- Music Reviews
- September 29, 2016
Shouted, Written Down & Quoted (Big Blue Zoo Records). Review by James Mann.
The annual festival that Punkifies a college town is back, in its 15th year!
Prince Buster, the legendary soundmaker, has died. Generoso Fierro recounts his monumental life and career.
Sweet Crude brought a bit of New Orleans to Tampa. Bob Pomeroy catches up with the group.
Belly brought lot of grit and a touch of grace to the Bowery Ballroom in NYC.
Pendarvis Farms transforms for three extraordinary days into the fun and psychedelic fest of your wildest indie music loving dreams, Pickathon. Alexa Harris was there to experience the joys of farm life for the weekend.
A triple bill of underground Goth, led by NYC’s Pawns, transforms Uncle Lou’s into a time machine. Jen Cray did not wear eye makeup, but she did wear a black shirt to the show.
The Plot in You have a sweaty night In Las Vegas and Ink 19 was there!
Crunchy LA-based rock combo, Bad Suns, popped into Orlando recently while on their current “Disappear Here” US tour. Christopher Long was there, and he couldn’t have been happier with their performance.
Three guys in middle school set out to recreate their favorite film.
A teenage sex comedy turns into a dark look at crooked sports betting in high school.
Fashion models die one by one in a remote chateau as the police miss clues and the body count climbs.
Phil Hall takes us down the musty path of missing films and lets us know what the world is missing.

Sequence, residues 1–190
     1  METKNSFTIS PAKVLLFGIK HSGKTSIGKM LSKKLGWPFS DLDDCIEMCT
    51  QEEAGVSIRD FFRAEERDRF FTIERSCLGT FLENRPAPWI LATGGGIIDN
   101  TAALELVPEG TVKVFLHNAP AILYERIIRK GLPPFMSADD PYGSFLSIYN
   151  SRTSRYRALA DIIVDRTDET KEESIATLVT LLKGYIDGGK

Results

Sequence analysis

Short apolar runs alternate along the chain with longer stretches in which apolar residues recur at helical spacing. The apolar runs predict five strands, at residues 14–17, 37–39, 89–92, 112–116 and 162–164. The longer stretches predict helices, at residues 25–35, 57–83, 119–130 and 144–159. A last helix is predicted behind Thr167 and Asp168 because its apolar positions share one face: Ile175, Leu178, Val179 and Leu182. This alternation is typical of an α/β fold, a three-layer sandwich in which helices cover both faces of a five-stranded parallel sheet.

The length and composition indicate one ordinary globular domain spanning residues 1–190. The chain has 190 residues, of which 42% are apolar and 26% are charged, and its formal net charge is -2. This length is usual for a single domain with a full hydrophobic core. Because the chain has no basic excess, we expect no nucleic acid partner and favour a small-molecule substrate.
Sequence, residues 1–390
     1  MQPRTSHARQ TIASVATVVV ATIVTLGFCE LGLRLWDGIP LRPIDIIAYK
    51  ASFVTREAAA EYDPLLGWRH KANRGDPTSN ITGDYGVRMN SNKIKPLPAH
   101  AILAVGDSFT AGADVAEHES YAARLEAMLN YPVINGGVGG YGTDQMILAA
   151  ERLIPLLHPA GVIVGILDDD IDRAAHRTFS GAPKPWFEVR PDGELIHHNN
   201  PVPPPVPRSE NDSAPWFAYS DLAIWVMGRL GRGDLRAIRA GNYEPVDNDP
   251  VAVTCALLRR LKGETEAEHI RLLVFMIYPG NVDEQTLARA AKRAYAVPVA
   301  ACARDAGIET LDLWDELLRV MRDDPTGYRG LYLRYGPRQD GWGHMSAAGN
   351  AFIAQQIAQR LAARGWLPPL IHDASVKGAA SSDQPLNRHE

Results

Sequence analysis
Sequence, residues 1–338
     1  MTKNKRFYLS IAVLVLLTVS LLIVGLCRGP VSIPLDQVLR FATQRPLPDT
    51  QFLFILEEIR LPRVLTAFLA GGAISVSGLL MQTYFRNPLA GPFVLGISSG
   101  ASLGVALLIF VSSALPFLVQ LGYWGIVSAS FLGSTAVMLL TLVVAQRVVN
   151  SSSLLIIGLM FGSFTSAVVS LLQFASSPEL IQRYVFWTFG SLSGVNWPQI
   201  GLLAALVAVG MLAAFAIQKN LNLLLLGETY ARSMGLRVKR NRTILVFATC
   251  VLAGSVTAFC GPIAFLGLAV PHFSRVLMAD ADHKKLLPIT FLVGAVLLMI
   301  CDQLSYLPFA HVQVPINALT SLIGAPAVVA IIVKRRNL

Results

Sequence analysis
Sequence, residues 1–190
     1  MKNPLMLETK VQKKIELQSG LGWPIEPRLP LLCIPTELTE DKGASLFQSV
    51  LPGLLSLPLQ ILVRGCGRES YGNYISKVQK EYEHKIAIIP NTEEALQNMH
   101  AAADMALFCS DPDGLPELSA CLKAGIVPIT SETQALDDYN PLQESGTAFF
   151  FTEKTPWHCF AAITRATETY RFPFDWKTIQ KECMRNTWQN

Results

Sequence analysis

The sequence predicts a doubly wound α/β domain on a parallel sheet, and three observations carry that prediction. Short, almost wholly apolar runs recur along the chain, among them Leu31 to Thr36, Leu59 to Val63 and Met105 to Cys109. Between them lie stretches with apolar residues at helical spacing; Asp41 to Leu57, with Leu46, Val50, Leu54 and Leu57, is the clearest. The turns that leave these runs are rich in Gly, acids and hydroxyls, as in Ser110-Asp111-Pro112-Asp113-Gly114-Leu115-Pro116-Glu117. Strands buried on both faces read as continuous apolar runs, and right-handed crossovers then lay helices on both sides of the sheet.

Molly lives and works in Venice, CA back in the days when it was sleazy AND scary. She has daddy issues and loves kinky sex. Well, “Kinky” is a nice way of saying it; she tends to leave bodies behind.
Japanese female revenge women-in-prison movies have never been so graphic.
Follow the career of landmark animator Ray Harryhausen in this extensive documentary on the King of Stop Motion.
An early documentary by Robert Mugge explores the world of Avant Garde composer George Crumb.
A Down East idyll of fire watching, light houses and Japanese industrialists in search of enlightenment.
Middle-aged teens end up in a cabin, and killed one at a time by a creepy guy. Then it rains. A lot.
Review by Julio Diaz
In the Spring of 1999, Henry Rollins was challenged to appear each Wednesday for eight weeks, and give a different spoken word performance each time. Joe Frietze gives us the rundown on this DVD chronicle.
You Are Freaking Me Out (Ignition). Review by Richard T. Thurston
Second Nature (Ipecac Records). Review by Matthew Moyer.
Kyrby Raine shares a wee teeny chat with Needfire’s main man, John Cleghorn, about the Texas-based band’s blending of Celtic rock with the jukebox hooks of the British Invasion.
If the preceding The Mosquito Control EP and The Red Sea short-…
Ignoring the slightly misleading album title — these tracks were culled from…
A bonnie look at the history and influence of the Celts — Carl Gauze could stand a little less chatter and a lot more music.
Yoko (Velocette). Review by Stein Haukland.
Dead Man Shake (Anti-/Fat Possum). Review by James Mann.
Into The Oh (Virgin/Luaka Bop). Review by Terry Eagan.
Monkey Business on Spec (Ink 19, July 2000)
James McMurtry sings about economic struggle, working class woes, and corrupt governments. Jen Cray was not the only Orlando fan who found his Southern Gothic folk rock soothing this holiday season.
Space opera is alternately the most maligned and the most fascinating sub-genre in the sprawling field of science fiction…
American Legacies (McCoury Music). Review by James Mann.
The Night Before the Day the Earth Stood Still (Gearhead). Review by Stein Haukland.
Streams & Current (Projekt). Review by Daniel L. Mitchell.
A Place Where I Know: 4-Track Songs 1992-2002 (Birdman). Review by Stein Haukland.